In the world of interiors, there are few design elements that say as much – with as little – as colour. Colours also have the power to evoke an era, to be a reflection of where the world is at a particular time. Take Millennial Pink. The dusty blush shade dominated fashion, beauty and interiors from circa 2016, only to be replaced by Gen Z greens in 2020.
Backtrack to the 1950s – an era when nuclear families wanted to paint a picture of domestic bliss – and it was all about mint greens, peaches and soft blues. Likewise in the mid to late ’70s – a decade when rusts, cognacs and sienna dominated – people turned to earthy hues for comfort after the instability of the Vietnam War, the oil crisis and the craziness of the ’60s and its psychedelic palette.
Considering we’re once again dealing with war and climbing inflation, not to mention daily climate catastrophes, is it any wonder that in 2022 we’d be gravitating back to blast-from-the-past browns?
It’s a calculated bet Byron-Bay-based furniture designer Sarah Ellison is willing to make: her latest partnership, unveiled last week, is a branded Pantone colour called Piccolo, a wholesome chocolate brown. Fittingly, the shade will debut on the homeware brand’s new Float sofa, a low-slung velvet sectional lounge, evocative of those ’70s conversation pits many of us grew up with.
Aligning with the American colour company is a bolshie but brilliant marketing move, considering the eponymous brand has been around for just five short years. For not only is Sarah Ellison Studio the first Australian company to work with the Pantone Colour Institute (Piccolo joins hues like Valentino Pink PP, Tom Brady Blue and Nickelodeon SpongeBob Yellow), it is the first to do so in the home category globally.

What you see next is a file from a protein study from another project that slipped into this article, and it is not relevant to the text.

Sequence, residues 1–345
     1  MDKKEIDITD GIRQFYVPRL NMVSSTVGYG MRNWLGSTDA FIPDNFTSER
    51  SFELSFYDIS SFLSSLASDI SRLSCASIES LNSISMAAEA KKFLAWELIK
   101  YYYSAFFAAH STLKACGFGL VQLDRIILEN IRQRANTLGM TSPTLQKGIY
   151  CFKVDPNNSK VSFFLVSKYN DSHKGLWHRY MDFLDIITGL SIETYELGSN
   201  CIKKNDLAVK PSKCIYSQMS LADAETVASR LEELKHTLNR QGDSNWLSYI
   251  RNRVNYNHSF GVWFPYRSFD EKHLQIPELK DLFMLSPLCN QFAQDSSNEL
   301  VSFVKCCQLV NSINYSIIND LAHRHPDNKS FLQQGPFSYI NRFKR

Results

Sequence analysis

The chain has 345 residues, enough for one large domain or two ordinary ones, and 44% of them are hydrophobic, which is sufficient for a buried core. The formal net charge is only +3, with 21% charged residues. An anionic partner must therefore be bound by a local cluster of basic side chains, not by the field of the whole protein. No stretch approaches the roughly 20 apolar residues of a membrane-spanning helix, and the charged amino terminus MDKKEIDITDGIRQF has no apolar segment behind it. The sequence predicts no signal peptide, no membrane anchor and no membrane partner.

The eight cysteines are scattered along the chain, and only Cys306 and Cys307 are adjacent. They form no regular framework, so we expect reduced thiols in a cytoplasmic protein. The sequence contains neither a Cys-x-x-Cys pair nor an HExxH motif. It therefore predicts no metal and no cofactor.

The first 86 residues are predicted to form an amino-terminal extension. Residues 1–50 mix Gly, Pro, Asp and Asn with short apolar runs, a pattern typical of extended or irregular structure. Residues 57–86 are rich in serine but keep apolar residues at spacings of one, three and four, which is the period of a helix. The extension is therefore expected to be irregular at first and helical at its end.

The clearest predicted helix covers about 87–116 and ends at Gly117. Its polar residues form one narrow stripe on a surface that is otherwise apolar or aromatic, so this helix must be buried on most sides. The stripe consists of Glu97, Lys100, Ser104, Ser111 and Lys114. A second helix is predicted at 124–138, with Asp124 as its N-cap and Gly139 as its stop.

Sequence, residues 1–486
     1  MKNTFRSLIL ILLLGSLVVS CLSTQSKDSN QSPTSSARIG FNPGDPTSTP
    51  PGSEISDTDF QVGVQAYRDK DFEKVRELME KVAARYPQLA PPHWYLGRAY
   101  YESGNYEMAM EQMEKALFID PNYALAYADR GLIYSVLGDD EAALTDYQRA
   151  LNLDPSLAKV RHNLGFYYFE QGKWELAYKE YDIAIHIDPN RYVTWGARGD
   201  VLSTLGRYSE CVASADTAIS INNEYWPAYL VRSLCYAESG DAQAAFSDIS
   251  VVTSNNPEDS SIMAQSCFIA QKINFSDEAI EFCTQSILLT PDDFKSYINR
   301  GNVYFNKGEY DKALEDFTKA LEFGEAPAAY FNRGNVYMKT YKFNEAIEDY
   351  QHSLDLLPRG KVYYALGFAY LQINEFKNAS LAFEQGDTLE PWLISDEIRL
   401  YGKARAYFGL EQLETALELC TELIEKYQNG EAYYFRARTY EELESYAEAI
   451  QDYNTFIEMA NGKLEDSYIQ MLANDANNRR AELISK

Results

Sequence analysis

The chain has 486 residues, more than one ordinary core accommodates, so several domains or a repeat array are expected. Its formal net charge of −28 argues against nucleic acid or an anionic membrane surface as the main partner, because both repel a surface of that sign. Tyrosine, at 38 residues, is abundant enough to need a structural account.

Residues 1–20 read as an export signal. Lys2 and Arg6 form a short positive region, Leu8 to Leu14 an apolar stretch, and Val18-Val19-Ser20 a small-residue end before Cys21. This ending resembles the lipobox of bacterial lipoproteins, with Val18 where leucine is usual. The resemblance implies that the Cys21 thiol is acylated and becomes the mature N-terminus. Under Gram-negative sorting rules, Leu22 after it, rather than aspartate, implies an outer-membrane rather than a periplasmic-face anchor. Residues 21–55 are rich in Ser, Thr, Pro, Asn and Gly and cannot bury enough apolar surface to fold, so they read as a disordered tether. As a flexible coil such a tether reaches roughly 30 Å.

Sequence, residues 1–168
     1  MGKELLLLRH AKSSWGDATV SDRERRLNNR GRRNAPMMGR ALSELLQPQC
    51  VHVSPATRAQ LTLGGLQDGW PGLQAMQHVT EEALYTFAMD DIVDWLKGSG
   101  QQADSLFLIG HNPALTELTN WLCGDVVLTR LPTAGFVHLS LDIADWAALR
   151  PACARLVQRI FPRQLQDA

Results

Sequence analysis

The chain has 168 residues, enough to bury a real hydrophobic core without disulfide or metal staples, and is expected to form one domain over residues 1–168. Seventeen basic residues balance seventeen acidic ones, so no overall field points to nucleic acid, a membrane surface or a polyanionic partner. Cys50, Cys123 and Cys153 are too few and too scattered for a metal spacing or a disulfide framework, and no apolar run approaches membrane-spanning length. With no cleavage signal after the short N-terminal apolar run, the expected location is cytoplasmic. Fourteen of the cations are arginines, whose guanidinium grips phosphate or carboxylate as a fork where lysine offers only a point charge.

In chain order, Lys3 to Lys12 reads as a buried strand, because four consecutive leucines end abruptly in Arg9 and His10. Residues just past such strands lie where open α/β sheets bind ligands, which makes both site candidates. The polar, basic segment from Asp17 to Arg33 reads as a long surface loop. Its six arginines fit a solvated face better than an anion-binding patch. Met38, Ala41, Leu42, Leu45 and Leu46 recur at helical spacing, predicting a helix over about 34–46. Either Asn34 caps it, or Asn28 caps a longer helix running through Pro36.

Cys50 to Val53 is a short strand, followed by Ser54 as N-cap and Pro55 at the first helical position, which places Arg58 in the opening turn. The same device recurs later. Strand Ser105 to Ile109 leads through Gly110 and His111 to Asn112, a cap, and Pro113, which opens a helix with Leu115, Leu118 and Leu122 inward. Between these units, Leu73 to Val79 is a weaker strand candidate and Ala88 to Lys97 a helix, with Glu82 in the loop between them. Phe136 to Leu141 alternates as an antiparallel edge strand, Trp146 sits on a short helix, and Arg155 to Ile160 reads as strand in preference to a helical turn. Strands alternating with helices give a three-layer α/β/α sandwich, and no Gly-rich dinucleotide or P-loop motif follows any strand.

And the spotlight is only set to intensify. For earlier this year Sarah Ellison Studio achieved what is catnip for Australian homeware brands. It cracked the elusive United States market. That’s a tough process that usually takes decades. (Exhibit A: 40-year-old Coco Republic is only now anchoring its US expansion, with a San Francisco flagship in October.)
Chatting to Ellison and her business partner, Leigh McKeown, at Sydney’s Ace Hotel, I gauge from the 44-year-old’s fidgeting unvarnished fingers, no-nonsense middle-part ponytail, unlined, makeup-free complexion and on-trend oversized blazer that all this attention feels a tad overwhelming.
“We joke the train has left the station and we’re just holding on for dear life,” groans 38-year-old McKeown.
In 2017, the pair co-founded Sarah Ellison Studio as a direct-to-consumer e-commerce business, their initial playbook being to reject traditional marketing and distribution models, shun the traditional showroom route and target a gap between the serious design sector (those willing to cough up $30,000 for a couch) and your Freedoms and Ikeas.